Melbourne’s Oldest Restaurants

Melbourne’s oldest restaurant is Florentino (est.1928), if you count restaurants opened on the same site, serving the same cuisine under the same name. The oldest continuously running restaurant (as far as I could find) is Cuckoo Restaurant in Olinda (est.1958) which took over the site from Quamby (est.1914). Even though they’re important to local cuisine, I’m not counting pubs. The oldest is the Duke of Wellington (est.1853) but it’s unclear if it has had a kitchen for that long.

Can you make generalisations about who will last a quarter of a century in the restaurant business? Is there a recipe for success in Melbourne?

Name yourself Jim and serve any cuisine at all as Jim’s Greek Tavern, Jimmy Watson’s (Italian), Jim Wong (Chinese) all attest. As for location, get in on Lygon Street and serve affordable Italian food, or as close to Parliament House as possible. Public servants obviously like to eat.

As for what to serve, it doesn’t seem to matter a great deal. The quarter century industry survivors run the gamut from some the world’s finest dining to unmitigated shit. There’s not any clear pattern as to what price point or level of service guarantees longevity. What does guarantee it is that they’re almost all family-friendly. If you go to any of them for a weekend lunch, I’d bet there would be more than one high chair. This is a list of restaurants where people went as children and still return as adults.

Here’s the list from the map: all of Melbourne’s restaurants older than 25 years as of today. Huge thanks to eatnik, essjayeff, stickifingers, mysecondhelping and dananikanpour for all the suggestions.

I’m sure that there are a large number missing: almost every suburban fish and chip shop will be 25 years old by now. It also omits chain restaurants. The first McDonalds opened in Melbourne (Glen Waverly) in 1973 and by 1982, there were 33. In the same year, there were 35 Kentucky Fried Chicken outlets. Burger King set foot in town in 1986. Also a word of caution about the opening years: they’re not necessarily exact. Quite a few were gleaned from reviews where they mention that a restaurant has “been open for more than 30 years” without mentioning an exact date.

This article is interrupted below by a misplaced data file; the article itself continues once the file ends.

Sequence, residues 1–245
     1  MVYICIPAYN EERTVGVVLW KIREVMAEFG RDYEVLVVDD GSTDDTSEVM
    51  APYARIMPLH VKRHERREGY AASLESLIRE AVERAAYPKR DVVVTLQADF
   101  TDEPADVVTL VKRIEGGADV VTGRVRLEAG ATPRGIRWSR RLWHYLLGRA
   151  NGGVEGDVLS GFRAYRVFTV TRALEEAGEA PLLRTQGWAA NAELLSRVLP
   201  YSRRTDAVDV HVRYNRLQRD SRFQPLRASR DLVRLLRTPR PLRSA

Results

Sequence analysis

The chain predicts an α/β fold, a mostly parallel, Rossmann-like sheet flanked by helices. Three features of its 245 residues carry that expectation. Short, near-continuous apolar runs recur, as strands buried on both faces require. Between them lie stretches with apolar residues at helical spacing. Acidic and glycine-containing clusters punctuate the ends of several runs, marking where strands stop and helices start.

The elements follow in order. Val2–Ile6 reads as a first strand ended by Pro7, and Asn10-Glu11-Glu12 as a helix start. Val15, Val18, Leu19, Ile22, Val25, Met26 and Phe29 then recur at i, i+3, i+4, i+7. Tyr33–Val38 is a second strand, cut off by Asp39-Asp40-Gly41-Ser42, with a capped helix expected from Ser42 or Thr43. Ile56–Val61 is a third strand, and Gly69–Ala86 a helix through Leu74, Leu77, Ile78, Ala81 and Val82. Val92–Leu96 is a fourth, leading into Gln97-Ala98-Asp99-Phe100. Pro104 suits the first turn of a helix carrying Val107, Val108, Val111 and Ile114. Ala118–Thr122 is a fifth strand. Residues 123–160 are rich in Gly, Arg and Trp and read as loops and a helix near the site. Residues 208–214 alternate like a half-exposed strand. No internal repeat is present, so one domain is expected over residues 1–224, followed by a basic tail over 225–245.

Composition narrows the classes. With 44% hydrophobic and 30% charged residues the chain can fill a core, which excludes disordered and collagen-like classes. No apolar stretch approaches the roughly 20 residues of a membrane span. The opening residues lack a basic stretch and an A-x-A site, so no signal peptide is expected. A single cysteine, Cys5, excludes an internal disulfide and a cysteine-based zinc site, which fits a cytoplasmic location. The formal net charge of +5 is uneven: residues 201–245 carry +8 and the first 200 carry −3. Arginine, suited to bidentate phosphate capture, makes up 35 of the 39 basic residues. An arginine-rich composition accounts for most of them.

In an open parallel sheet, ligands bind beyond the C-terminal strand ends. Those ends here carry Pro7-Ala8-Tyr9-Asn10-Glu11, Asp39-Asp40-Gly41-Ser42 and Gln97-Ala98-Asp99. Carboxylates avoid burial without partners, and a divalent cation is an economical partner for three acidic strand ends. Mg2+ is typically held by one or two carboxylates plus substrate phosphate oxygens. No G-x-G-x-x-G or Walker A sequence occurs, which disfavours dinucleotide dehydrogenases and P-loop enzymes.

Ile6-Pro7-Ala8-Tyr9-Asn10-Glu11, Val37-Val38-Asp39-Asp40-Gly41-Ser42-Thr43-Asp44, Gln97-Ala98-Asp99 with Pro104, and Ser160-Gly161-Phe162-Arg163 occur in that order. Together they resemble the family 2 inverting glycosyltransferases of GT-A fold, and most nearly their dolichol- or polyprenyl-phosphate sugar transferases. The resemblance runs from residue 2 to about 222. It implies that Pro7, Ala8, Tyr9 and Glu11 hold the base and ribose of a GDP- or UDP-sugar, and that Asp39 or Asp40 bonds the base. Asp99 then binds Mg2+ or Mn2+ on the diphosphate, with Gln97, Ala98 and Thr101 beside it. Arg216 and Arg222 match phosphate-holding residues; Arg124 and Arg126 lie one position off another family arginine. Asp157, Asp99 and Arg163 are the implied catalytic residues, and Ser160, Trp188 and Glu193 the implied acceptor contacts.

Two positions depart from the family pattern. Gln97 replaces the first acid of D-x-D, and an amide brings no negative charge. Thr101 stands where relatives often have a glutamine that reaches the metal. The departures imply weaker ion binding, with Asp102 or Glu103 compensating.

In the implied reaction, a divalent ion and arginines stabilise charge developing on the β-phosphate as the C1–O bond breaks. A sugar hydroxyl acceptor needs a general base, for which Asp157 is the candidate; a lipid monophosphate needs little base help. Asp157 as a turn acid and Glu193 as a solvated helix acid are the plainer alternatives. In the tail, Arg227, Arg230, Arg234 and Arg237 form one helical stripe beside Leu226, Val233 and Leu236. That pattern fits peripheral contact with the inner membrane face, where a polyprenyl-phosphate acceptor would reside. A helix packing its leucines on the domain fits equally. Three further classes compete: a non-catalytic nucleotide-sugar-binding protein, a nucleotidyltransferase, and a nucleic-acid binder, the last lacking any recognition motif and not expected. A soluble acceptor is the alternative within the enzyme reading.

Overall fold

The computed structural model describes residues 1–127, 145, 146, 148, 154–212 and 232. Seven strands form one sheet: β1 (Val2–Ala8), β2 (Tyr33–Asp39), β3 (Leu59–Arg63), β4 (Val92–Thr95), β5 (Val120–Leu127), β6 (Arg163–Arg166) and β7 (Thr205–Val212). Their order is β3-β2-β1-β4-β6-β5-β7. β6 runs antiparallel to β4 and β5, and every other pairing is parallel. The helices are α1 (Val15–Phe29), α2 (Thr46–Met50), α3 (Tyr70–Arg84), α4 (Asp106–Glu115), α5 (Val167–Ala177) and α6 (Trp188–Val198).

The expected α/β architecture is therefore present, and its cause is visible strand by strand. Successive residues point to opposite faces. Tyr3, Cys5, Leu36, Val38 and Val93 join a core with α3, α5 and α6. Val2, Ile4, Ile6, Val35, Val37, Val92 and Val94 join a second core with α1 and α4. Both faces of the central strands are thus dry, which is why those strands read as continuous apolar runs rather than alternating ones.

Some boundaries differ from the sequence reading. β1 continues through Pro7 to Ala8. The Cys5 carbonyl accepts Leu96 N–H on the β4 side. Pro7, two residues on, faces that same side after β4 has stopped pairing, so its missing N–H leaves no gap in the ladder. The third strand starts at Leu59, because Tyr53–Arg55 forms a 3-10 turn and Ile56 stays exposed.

If you know of any missing, comment below.

NameEstablishedCuisine
Abla's1979
Alasya Restaurant1978Lebanese
Bedi's Indian Restaurant1980Indian
Brunetti - Carlton1985Italian
Cafe Di Stasio1989Italian
Caffe e Cucina1988Italian
Casa Del Gelato1980Italian
Cuckoo Restaurant1958German
Donnini's Pasta1981Italian
Domenico's Pizza1968Italian
Dragon Boat Restaurant1986Chinese
Dunyazad Lebanese RestaurantLebanese
Flower Drum Restaurant1975Chinese
France-Soir1986French
Gaylord Indian Restaurant1985Indian
Golden Orchids Malaysian Restaurant1979Malaysian
Grossi Florentino1928Italian
Hanabishi Japanese Restaurant1988Japanese
Il Gambero1970Italian
Izakaya Chuji1989Japanese
Jim Wong Restaurant1968Chinese
Jimmy Watson's Wine Bar1935Italian
Jim's Greek Tavern1980Greek
Joe's GarageItalian
Kunis Japanese Restaurant1977Japanese
La Porchetta Carlton1985Italian
La Spaghettata Restaurant1984Italian
Lobster Cave1987Seafood
MariosItalian
Masani Italian Restaurant1984Italian
Paris Go BistroFrench
Patee Thai - Fitzroy1983Thai
Pellegrini's Espresso Bar1954Italian
Penang Coffee House1976Malaysian
Poon'sChinese
Ricardo's TrattoriaItalian
Shakahari Vegetarian Restaurant1972Vegetarian
Shark Fin Inn City1980Chinese
Spaghetti TreeItalian
Stokehouse1989Modern Australian
Stuzzichino Caffe Bar Spuntini1987Italian
Sukhothai Restaurant1989Thai